“Sounds good to me,” said Ron.

Harry moved towards the shelves that had Quidditch books. The new book that he wanted to read, Hogwarts’ Twenty Best Seekers, had been checked out since September and he wanted to see if it was back in yet. He played Seeker for his House team and he wanted to know about others who had played that position. He was especially eager to know if his father was mentioned. He’d seen the trophy that James Potter had helped win for his House, so Harry knew his father had been good. The question was, had he been good enough to get into this book?

There was a nasty flash of light in his eyes again. “Ow.” He took off his glasses and rubbed his eyes.

“Harry? Are you all right?” Hermione asked, worried.

“Yeah,” Harry said. “I think so.”

Hermione eyed him, unconvinced. “You think so? If you don’t know so, maybe you’d better go see Madam Pomfrey.”

“It’s nothing,” he said. “Just some light reflecting in my eyes.”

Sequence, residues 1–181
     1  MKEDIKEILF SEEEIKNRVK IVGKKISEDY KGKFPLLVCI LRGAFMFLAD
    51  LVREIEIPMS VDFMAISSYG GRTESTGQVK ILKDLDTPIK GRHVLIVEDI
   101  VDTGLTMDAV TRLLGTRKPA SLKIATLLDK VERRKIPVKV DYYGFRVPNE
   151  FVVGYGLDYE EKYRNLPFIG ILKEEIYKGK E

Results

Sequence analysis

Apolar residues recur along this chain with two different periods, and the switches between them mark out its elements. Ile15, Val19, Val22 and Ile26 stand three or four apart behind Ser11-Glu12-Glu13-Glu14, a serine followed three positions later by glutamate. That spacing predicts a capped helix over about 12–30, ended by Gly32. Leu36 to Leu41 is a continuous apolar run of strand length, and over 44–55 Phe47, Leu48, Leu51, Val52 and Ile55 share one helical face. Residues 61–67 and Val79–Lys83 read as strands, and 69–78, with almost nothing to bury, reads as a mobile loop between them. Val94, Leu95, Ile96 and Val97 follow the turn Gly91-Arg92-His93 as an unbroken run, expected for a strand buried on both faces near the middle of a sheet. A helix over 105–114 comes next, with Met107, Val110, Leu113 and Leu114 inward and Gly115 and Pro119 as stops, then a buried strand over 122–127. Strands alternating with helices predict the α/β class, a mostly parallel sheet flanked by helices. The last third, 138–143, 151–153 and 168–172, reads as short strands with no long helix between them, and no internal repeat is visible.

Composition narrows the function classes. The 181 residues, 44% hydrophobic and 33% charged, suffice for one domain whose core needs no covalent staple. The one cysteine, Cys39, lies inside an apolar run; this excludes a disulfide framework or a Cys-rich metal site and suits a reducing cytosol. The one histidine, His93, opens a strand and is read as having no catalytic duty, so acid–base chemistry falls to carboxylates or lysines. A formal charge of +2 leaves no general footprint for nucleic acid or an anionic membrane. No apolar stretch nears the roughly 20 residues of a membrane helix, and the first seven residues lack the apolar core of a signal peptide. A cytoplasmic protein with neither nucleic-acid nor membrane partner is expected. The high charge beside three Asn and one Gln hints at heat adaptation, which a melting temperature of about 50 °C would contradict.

“From where?” Ron wondered.

Harry put his glasses back on. “From that door,” he said, gesturing.

Hermione and Ron looked in the indicated direction. Then they exchanged puzzled looks.

“What?” Harry demanded.

“There’s no door there,” Hermione explained. “There’s nothing there but bookshelves.”

“What?” Harry said. “But…” he squinted. “It’s right…” he took his glasses off. There was nothing there but bookshelves. “I don’t get it,” he muttered, putting his glasses back on. “But I can see a door,” he complained. He started toward the door, wondering if he was seeing something magical or if he was just going crackers. Of course, neither option ruled out the other, he mused to himself.

Hermione looked worriedly at Ron. Strange things happened around Harry Potter, even by wizarding standards.

Ron suddenly slapped his forehead and made a disgusted sound. “George and Fred,” he snarled in disgust. “They did mess with your glasses.”

Harry stopped and sighed. “That would make sense,” he said. “I wonder why I’m seeing a door, though?” He reached out to where the door handle should have been… and fell through the bookcase.

“Harry!” Ron and Hermione cried.